Today the world was saddened by the news of the two celebrity deaths – Farrah Fawcett and Michael Jackson. Celebrity popularity is a fact of life, and in this instance Michael Jackson stole the limelight, if you can call it that. Sometimes the best way to remember a life and career is through pictures. LIFE Magazine is a good place to revisit Michael Jackson’s life.
Stars remember Michael Jackson is an interesting visual record.
Equally as interesting is the album of Michael Jackson covers.
Equally as interesting is the album of Michael Jackson covers.
Then there’s Neverland in all its glory
Michael Jackson live – best pics
And, to be fair, have why don’t you stroll down Memory Lane with Farrah Fawcett?
Since I was on a roll, I decided to check out Michael Jackson’s website.
The New York Times has a long post of updates on Michael Jackson and the world’s reaction to his death.
YouTube has its own tribute to Michael Jackson’s talent.
Given the recent interest in all things Vampire at a time when books like Twilight are more popular than sliced bread, I think it’s time to revisit Thriller.
Filed under media, music, photos
A little while ago I included a post with a video of a heart-warming song sung by 5th graders in New York.
Here’s another one you’ll enjoy
This choir is testament to one man’s relationship with a regular class of 5th graders in New York, it’s not a music school or selective school:
The PS22 Chorus was formed in the year 2000. We are an ever-changing group of 5th graders from a public elementary school in New York City, NOT a school for the arts or a magnet program.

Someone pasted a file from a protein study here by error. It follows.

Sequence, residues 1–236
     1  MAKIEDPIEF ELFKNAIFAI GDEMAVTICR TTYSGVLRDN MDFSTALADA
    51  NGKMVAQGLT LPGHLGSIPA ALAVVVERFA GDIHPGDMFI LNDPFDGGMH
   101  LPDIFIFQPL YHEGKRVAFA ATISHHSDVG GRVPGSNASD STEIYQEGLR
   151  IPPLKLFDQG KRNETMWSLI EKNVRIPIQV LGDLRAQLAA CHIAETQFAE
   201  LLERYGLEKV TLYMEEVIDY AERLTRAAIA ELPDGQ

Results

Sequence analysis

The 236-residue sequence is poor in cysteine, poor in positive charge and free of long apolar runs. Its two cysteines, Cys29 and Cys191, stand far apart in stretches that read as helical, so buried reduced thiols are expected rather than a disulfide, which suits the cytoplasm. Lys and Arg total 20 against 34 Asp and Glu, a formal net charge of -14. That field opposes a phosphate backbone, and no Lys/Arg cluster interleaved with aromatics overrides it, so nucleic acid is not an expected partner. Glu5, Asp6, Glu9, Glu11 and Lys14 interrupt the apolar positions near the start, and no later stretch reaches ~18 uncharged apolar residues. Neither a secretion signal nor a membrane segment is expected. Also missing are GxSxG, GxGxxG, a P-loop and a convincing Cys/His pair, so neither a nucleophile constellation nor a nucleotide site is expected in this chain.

Read about this teacher/musician and view more videos on his YouTube page.
The PS22 Chorus has a blog documenting their activities with lots more videos to watch.
Watching this video reminded me that it’s really all about the kids. At a time when teachers have been swamped with corrections and report writing, labouring over sentence structure and punctuation, categorising students into cleanly definable spaces, it’s good to remember that it’s really just about the kids themselves. When I look at what this teacher has brought out in these kids, I do a double-take and step back to reflect. How can I keep that important focus without getting side-tracked by the structures. I’d like to remember that the structures are there to support the kids, and not the kids to support the structures.
A little while ago I wrote a post about the wonderful collaborative project, the YouTube Symphony Orchestra. Musicians from all over the world were invited to audition online, and were selected to play together in New York in April this year.
Here’s the line-up of YouTube Symphony Orchestra musicians
The video makes me smile; so many different nationalities represented, all collaborating in this project, transcending language barriers with their music.
Equally as interesting is the unique way each musician has chosen to introduce themselves in their video, giving a brief glimpse into their world, adding their own graphics and sound.
Over 3,000 people from over 40 countries auditioned for just 90 prize slots in the orchestra. I know some people think this is gimmicky, but I like it.
Filed under music, Web 2.0
I’m really getting into the global potential and creativity of technology. Discovering YouTube Symphony Orchestra made me smile. Music plays a significant part in my life, with my two sons playing piano and violin, and my 15 year old spending most of his free time composing classical music. There is always music in the house, sometimes competitively discordant, but usually lovely to listen to. Here is what YouTube Symphony Orchestra is about:
We invite musicians from around the world to audition for the YouTube Symphony Orchestra. Your video entries will be combined into the first ever collaborative virtual performance, and the world will select the best of you to perform at New York City’s Carnegie Hall in April 2009.